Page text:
Tory government stripped abortion rights from gender equality statement to be ‘inclusive’

Liz Truss speaks at a Conservative Party leadership hustings on August 5, 2022.

The UK government has said it removed references to abortion from a gender equality statement to be “inclusive of all perspectives and views”.

An international freedom of religion conference convened by Conservative leadership frontrunner Liz Truss in her capacity as foreign secretary was embroiled in a diplomatic row after countries such as Denmark and Norway accused the UK of using its position to drop “sexual and reproductive health and rights” from the summit’s conclusion.

The original text, which supported bodily autonomy and abortion rights, was modified on the government’s website to completely omit any mention of the subject in what ministers called an effort to be “constructive”, according to The Independent.

Twenty countries signed the original conclusion, but just eight – including Malta, which bans abortions outright – have signed the new statement.

Critics of the modification, which included foreign diplomats and cross-party ministers, said the reversal was “derisory” and a “disturbing sign” that anti-abortion politics is gaining popularity in the UK.

More than 20 human rights groups called on Truss – who has yet to comment on the matter – to reverse the decision immediately.

“In our capacity as chair of the event, we amended the statement we made at the Freedom of Religion or Belief Conference to make the final statement more inclusive of all perspectives and views,” foreign office deputy Lord Ahmad said.

“The UK is committed to defending and promoting universal and comprehensive sexual and reproductive health and rights and will continue working with other countries to protect gender equality in international agreements.”

Earlier this year American law-makers stripped US women of their automatic rights to abortion, with some states banning it outright, sending shockwaves around the world.

Caroline Nokes leaves 10 Downing Street after the weekly Cabinet meeting on 09 July, 2019 in London, England.

Caroline Nokes leaves 10 Downing Street after the weekly Cabinet meeting on 09 July, 2019 in London, England. (Wiktor Szymanowicz/Getty)

Conservative women and equalities select committee chair Caroline Nokes called the move a “sudden backtracking” on reproductive rights and wrote to Truss urging her to explain the decision.

“It is very unclear as to why the sections on sexual and reproductive health were withdrawn at such a late stage and apparently with no consultation or discussion,” Nokes told The Guardian in July.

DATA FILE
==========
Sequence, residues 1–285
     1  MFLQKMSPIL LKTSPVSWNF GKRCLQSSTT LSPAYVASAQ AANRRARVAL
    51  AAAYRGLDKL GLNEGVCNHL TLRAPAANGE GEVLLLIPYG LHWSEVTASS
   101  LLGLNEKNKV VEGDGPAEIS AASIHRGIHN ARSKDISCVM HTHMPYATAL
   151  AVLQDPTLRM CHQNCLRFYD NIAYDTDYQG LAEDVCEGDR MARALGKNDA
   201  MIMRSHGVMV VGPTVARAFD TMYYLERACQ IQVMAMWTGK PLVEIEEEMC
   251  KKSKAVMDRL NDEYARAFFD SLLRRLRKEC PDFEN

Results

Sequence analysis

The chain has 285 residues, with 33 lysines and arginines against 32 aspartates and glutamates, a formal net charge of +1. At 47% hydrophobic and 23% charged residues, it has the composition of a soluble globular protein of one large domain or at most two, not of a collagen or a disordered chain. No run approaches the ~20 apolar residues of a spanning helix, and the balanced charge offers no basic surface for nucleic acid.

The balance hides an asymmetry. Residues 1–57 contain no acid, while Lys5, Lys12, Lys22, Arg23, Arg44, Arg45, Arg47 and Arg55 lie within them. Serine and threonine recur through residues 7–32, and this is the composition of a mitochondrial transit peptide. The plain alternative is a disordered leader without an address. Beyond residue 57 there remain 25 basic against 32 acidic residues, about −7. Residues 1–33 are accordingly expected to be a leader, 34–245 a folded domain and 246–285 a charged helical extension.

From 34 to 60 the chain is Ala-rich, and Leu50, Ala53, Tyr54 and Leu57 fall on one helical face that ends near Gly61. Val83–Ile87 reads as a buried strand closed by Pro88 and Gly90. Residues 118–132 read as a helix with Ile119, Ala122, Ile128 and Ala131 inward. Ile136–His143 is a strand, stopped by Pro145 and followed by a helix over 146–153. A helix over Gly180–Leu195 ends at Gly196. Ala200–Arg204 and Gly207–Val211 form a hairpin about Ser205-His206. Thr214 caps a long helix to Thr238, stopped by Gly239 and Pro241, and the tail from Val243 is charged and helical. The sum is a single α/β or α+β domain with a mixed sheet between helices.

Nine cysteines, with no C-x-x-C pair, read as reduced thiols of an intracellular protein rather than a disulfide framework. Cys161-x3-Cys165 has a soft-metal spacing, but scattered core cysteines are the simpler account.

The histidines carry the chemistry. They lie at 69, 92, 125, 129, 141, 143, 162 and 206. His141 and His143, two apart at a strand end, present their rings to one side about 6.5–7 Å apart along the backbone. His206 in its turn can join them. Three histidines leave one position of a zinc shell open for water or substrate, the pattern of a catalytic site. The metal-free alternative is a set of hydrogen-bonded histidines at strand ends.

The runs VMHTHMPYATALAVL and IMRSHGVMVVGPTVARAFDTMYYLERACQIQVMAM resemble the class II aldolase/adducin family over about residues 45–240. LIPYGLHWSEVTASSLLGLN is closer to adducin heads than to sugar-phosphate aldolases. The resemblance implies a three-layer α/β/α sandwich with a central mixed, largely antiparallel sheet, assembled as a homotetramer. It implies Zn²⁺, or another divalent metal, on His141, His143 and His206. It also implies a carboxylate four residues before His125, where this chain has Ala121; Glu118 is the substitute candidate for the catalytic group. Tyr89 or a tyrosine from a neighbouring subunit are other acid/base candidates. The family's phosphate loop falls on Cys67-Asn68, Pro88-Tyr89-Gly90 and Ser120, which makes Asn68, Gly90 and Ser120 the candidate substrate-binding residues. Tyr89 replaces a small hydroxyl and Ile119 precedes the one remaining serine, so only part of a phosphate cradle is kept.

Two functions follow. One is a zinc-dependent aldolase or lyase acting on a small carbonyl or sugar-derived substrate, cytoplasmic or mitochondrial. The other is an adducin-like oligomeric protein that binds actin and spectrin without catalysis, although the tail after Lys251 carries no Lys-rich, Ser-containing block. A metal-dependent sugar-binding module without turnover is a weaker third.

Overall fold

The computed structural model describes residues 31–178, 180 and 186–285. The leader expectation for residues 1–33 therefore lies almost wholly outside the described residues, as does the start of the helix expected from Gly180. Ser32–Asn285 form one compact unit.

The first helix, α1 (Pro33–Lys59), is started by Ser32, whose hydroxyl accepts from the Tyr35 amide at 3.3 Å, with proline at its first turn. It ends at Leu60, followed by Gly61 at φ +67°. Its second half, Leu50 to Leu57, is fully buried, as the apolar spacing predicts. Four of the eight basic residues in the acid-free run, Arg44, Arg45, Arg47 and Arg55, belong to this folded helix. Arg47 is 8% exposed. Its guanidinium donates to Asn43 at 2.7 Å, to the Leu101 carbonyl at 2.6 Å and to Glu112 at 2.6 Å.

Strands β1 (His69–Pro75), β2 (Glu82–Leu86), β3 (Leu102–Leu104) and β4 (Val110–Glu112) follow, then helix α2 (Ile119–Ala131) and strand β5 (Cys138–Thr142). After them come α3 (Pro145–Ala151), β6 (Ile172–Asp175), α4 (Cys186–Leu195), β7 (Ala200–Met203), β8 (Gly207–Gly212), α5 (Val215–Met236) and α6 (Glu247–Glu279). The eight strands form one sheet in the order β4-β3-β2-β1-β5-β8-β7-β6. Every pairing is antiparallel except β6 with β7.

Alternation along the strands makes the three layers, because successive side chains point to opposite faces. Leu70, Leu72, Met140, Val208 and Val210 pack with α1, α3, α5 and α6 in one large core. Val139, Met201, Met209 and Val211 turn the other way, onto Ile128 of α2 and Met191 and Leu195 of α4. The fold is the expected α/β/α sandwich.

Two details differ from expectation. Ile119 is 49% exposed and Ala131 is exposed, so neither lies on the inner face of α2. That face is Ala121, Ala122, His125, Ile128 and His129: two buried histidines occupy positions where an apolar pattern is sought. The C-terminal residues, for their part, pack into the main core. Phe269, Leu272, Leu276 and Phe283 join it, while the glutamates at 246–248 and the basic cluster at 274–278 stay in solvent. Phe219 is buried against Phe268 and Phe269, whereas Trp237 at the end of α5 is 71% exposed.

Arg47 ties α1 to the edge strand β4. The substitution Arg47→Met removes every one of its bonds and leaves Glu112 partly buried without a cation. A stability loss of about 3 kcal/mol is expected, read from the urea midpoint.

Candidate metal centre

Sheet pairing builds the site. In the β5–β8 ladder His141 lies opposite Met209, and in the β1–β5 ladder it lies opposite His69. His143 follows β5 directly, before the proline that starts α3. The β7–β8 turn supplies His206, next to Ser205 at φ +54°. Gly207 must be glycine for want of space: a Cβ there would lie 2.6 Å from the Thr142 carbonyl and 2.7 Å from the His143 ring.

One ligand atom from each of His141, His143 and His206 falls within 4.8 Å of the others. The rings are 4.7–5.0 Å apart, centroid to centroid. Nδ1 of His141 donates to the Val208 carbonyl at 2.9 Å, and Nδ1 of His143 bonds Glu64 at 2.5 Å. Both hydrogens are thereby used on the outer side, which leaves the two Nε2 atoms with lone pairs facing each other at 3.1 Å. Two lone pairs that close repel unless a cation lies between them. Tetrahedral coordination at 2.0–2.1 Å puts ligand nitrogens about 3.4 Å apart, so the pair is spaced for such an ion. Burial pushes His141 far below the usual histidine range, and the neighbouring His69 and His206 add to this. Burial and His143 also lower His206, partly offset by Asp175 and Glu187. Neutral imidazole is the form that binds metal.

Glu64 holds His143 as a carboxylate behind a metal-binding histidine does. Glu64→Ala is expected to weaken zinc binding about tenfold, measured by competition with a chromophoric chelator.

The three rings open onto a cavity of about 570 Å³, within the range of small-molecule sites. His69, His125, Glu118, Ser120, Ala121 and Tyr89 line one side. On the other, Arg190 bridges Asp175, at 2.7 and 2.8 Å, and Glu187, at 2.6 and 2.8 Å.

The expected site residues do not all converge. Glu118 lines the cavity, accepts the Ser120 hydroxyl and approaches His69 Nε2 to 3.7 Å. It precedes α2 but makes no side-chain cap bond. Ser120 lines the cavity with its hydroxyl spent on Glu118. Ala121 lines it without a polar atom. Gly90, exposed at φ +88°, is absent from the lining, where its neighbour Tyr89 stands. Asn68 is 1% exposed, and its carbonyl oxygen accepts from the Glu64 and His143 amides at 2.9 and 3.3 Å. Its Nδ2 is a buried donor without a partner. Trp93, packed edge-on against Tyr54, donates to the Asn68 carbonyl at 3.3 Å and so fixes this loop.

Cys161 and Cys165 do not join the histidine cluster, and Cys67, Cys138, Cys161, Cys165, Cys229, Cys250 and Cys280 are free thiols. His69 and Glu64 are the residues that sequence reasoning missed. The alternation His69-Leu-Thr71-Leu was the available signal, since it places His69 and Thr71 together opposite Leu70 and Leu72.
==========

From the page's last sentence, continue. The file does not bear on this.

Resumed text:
While being a constantly contentious issue in the fight for social justice, abortion has once again become an especially divisive subject following the US Supreme Court’s decision to overturn the landmark Roe v Wade that set a precedent for abortion rights nationwide.

The decision has had a far-reaching effect on both nationwide and international views on reproductive rights, especially in the UK where certain ministers have already opted to discuss abortion rights in the country.

‘No right to impose his view on others’

Tory MP Danny Kruger told attending members of the House of Commons that he didn’t believe women had an “absolute right to bodily autonomy” during a reproductive rights debate to fierce criticism across parliament. The MP for Devizes in Wiltshire said on 28 June that “in the case of abortion,” women don’t have the same reproductive rights because of the “fact that another body is involved”.

Telford Conservative MP Lucy Allen told Metro after a clip of Kruger making the remarks went viral: “I accept Danny’s right to disagree, but he has no right to impose his views on others.”

Kruger was one of the 61 Conservative MPs to vote against extending access to abortions in Northern Ireland during a 22 June vote.

In response to the comments, Labour MP Stella Creasy told the house that abortion is “fundamentally for many of us a human rights issue”.

“Currently in the UK, only women in Northern Ireland have their constitutional right to an abortion protected as a human right, but we can change that and that is what this place and this urgent question can do today.”